nothing wrong with reinventing the wheel, i hope they succeed.
We have a rather nasty problem in Canada with a bug called the pine beetle. It kills pine trees not directly but by infecting them with a fungus. This has very little effect on the lumber in the trees. Vast areas of dead trees are found in BC and Alberta. This machine would make harvesting those trees possible without having to carve roads through the wilderness. It's heavy lifting and dead-on-target positioning capabilities also make it a great tool for fire fighting. This is doubly important, because those dead trees are extremely flammable.
Dude I would love to see blimps come back and actually be used for something other than billboards at sporting events! Bravo!
Nearly all of the world's helium supply is found within a 250-mile radius of Amarillo, Texas (the Helium Capital of the World). A byproduct of billions of years of decay, helium is distilled from natural gas that has accumulated in the presence of radioactive uranium and thorium deposits. If it's not extracted during the natural gas refining process, helium simply soars off when the gas is burned, unrecoverable.
Industrial buyers use the gas primarily for arc welding (helium creates an inert atmosphere around the flame) and leak detection (hydrogen has a smaller atom, but it usually forms a diatomic molecule, H2). NASA uses it to pressurize space shuttle fuel tanks: The Kennedy Space Center alone uses more than 75 million cubic feet annually. Liquid helium, which has the lowest melting point of any element (-452 degrees Fahrenheit), cools infrared detectors, nuclear reactors, wind tunnels, and the superconductive magnets in MRI equipment. At our current rate of consumption, will likely be empty in 10 to 25 years, and the Earth will be virtually helium-free by the end of the 21st century.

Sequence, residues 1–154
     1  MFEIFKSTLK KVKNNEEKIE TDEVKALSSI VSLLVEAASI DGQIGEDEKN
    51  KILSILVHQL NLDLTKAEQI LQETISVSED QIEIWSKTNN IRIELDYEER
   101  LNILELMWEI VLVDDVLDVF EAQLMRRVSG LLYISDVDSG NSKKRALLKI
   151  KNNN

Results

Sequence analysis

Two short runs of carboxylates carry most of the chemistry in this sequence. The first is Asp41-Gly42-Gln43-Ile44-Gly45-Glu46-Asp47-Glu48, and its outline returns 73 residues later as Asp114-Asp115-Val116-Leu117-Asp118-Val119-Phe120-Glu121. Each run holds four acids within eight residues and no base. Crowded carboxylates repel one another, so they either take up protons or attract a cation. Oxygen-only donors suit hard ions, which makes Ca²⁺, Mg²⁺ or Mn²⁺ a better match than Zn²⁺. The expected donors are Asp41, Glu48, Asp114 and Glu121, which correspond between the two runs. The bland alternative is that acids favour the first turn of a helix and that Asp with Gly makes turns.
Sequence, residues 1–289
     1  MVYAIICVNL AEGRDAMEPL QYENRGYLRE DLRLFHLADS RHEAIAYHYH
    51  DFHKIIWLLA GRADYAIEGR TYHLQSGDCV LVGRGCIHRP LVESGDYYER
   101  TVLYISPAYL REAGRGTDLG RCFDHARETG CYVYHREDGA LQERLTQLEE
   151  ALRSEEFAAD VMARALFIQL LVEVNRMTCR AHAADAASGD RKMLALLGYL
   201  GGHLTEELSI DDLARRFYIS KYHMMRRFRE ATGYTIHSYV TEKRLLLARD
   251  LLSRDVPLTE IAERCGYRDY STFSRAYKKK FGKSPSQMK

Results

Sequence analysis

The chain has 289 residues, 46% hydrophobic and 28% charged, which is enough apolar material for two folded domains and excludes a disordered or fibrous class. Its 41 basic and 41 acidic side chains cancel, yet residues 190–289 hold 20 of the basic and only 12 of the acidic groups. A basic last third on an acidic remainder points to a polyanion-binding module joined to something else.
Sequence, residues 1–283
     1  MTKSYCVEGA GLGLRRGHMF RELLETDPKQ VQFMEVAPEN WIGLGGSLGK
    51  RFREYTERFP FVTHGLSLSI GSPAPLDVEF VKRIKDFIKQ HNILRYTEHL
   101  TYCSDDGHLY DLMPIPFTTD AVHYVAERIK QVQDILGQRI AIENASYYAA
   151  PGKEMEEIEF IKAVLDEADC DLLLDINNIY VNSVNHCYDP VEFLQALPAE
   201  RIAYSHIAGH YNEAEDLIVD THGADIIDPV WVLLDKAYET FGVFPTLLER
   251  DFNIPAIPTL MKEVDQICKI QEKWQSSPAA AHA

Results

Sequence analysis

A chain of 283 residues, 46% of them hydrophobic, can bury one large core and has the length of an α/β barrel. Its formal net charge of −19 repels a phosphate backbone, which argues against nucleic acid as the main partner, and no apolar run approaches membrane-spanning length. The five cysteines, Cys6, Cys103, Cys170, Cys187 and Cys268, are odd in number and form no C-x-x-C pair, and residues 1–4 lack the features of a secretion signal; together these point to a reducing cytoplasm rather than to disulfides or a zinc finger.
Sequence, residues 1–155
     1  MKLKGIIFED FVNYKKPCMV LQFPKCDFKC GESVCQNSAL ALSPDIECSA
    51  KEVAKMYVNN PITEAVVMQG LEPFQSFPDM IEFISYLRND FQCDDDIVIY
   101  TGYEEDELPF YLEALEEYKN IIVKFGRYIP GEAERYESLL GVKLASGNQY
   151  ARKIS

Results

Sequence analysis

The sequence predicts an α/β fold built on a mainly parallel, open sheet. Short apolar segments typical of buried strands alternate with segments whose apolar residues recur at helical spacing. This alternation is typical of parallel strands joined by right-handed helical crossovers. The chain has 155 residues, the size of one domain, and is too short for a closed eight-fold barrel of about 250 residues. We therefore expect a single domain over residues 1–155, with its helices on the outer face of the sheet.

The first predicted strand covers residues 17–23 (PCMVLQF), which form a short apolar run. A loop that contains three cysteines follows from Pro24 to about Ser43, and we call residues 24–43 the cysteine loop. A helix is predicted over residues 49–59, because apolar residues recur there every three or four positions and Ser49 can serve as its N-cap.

I think this is a good idea! If it would lower fuel costs then why not? Plus it would get more altitude then the standard helicopter.
I assume the people who are critical of the removal of logs own no wood or paper products...
One question comes to mind. Instead of having the helium offset just the weight of the vehicle why not have enough helium to carry the vehicle and the cargo? I know, that makes the airship hard to handle. But, put a water tank inside the envelope that can hold a weight of water equivalent to your cargo limit. Fly the airship to the site, hook up the cargo, dump the water, fly away. The thrust requirements for the fans should be dramatically less.
You've raised important points about the scaricity of helium. However, that alone doesn't eliminate the future potential of lighter-than-air craft.
There is at least one obvious alternative: hydrogen. Hydrogen got a bum rap when the Hindenberg burned up. It shouldn't have -- the problem was more likely the incendary coating and fabric. (Hydrogen flame being invisible to the eye.) While this theory is contested; it is certainly true that we have much better materials available today. The risks of using hydrogen should be acceptable for a heavy freighter, operating in remote locations.
Even water vapour could be used as a lifting gas & it is certainly not combustable. It would require a different design -- more likely a derigible than a blimp, as it's easier to vaporize water at lower pressures. (Derigibles have a rigid frame, blimps rely on internal pressure to hold their shape.) A heat source would probably also be required. Challenges? Yes -- but, not insurmountable challenges.